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July 06, 2013

During this drought, Frackers are using up water that should go to farms

During Record Drought, Frackers Outcompete Farmers for Water Supplies – EcoWatch: Cutting Edge Environmental News Service
“There is a new player for water, which is oil and gas. And certainly they are in a position to pay a whole lot more than we are,” Peppler said. In a normal year, Peppler would pay anywhere from $9 to $100 for an acre-foot of water in auctions held by cities with excess supplies. But these days, energy companies are paying some cities $1,200 to $2,900 per acre-foot. In seven states, including Colorado, Oklahoma, Texas and Wyoming, the vast majority of the counties where fracking is occurring are also suffering from drought, according to an AP analysis of industry-compiled fracking data and the U.S. Department of Agriculture’s official drought designations. The persistent U.S. drought wreaked havoc on American agriculture, raising food prices and forcing farmers to make record high insurance claims on lost profits for 2012.

On the Mongolian Neo-Nazis of Ulan Bator

A Mongolian Neo-Nazi Environmentalist Walks into a Lingerie Store in Ulan Bator - In Focus - The Atlantic
Reuters photographer Carlos Barria spent time documenting Mongolian neo-Nazi group Tsagaan Khass, one of several ultra-nationalist groups that have expanded in the country. The 100-plus members of Tsagaan Khass have recently shifted their focus from activities such as attacks on women it accuses of consorting with foreign men to environmental issues. The group is rebranding itself now as an environmentalist organization fighting pollution by foreign-owned mines, seeking legitimacy as it sends Swastika-wearing members to check mining permits.

July 05, 2013

Why are white people so touchy about being called "racist"?

Why Are White People So Touchy About Being Called Racist? | ChangeLab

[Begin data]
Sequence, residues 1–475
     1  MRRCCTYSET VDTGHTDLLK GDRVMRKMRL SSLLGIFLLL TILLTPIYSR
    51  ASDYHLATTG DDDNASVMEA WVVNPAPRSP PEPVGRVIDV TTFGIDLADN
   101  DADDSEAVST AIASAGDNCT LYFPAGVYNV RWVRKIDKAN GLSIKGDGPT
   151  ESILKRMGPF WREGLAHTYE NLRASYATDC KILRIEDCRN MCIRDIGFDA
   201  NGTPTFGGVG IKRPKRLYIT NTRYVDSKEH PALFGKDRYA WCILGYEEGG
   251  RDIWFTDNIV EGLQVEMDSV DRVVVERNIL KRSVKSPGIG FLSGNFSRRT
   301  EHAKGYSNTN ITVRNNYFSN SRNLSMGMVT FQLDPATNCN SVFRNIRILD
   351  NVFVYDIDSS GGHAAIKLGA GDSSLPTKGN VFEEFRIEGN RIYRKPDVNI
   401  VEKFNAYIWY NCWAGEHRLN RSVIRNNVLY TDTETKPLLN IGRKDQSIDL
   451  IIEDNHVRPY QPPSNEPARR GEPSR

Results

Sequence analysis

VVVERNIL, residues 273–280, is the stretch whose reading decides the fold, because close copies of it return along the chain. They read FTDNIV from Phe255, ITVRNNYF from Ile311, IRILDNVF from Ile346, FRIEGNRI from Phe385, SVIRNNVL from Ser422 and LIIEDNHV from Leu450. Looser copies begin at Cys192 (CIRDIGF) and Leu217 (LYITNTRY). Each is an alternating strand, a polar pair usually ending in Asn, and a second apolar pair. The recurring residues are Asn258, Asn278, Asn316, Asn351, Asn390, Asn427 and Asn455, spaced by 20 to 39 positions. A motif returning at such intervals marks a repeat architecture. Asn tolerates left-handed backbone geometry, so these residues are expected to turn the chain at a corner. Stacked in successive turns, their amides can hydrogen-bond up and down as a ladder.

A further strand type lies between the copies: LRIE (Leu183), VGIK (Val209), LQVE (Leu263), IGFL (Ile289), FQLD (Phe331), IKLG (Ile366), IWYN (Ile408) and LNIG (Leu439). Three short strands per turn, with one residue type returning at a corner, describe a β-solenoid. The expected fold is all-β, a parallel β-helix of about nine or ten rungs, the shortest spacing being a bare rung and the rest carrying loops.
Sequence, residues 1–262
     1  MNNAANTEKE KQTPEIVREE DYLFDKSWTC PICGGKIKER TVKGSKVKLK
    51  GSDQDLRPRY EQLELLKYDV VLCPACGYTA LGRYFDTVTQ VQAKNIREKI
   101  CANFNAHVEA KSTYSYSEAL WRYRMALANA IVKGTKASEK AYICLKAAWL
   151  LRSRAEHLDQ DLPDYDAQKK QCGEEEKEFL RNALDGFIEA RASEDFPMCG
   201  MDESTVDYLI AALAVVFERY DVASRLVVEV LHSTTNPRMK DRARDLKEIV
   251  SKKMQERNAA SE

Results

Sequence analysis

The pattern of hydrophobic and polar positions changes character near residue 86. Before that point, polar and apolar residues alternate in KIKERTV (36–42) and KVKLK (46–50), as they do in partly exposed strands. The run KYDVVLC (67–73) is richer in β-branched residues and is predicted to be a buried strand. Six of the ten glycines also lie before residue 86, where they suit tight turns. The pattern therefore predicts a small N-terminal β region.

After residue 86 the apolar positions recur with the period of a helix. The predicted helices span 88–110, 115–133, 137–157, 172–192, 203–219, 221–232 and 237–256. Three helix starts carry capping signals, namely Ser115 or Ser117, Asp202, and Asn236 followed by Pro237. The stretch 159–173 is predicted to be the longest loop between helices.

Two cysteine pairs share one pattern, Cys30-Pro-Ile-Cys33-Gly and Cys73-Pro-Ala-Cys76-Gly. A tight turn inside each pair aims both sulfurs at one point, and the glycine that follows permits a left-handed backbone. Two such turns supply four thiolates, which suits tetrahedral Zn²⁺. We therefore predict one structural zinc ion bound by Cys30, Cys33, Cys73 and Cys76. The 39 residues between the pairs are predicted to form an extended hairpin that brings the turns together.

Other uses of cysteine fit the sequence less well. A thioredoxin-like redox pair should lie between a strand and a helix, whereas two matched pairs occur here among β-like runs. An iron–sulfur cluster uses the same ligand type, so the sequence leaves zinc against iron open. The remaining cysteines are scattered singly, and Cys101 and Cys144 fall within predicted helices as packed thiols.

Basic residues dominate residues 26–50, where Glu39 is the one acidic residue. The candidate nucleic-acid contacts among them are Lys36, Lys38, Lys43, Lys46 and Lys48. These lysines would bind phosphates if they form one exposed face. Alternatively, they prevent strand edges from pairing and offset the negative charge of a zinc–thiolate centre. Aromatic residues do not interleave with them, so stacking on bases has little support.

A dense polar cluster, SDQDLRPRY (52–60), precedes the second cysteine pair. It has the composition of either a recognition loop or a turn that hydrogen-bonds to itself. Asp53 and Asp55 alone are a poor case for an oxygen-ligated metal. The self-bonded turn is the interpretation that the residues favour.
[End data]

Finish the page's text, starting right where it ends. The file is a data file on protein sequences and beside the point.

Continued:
At the risk of sparking a sh*t storm, here are a couple of proposals. First, I think white people get bent out of shape by the label racist because being able to wield it means that, at least culturally speaking, people of color have power we haven’t traditionally had, specifically because of racism. For generations even looking at a white person in the wrong way could get a person of color fired, harassed, terrorized or even lynched. Going as far as lodging an accusation of any kind against a white person could spark a race riot. . . . That’s my first theory. Here’s the second. Before the fall of Jim Crow, ordinary interpersonal racism was so commonplace that in order to organize against it, racial justice advocates needed another foil. Racism’s terrorist wing: people threatening students integrating Little Rock Central High School, segregationist governors wielding state troopers like clubs, and men like Bull Connor became that foil. I mention Bull Conner by name because the way civil rights activists used his outrageous racism exemplifies this strategy. As the Commissioner of Public Safety for the city of Birmingham, Alabama in 1963, Connor turned attack dogs and fire hoses on children peacefully protesting for civil rights, inadvertently making himself into an international symbol of American racism. This display of naked hatred polarized white people, with many taking the side of civil rights activists in spite of harboring the kind of ordinary racial prejudices that create the climate in which vigilante racists derive their power. Today, when we call out racism, powerful symbols of opposition to racial equality like Bull Connor are invoked. Ordinary racists contrast the everyday prejudice that was, out of necessity, let off the hook in the black struggle for civil rights, against horrific, Bull Connor-style racism. Then, for lack of a better term, they freak out. That’s why I think white people are so touchy. It’s why begging to be understood as “good” and exaggerating the harm done to them by the accusation are so often part of the ritual of denial. They’re, more often than not, genuinely good people stuck in the belief that racists are exotic monsters, who are nonetheless resentful of conceding the privilege of being able to control the public consensus on race to begin with. . . .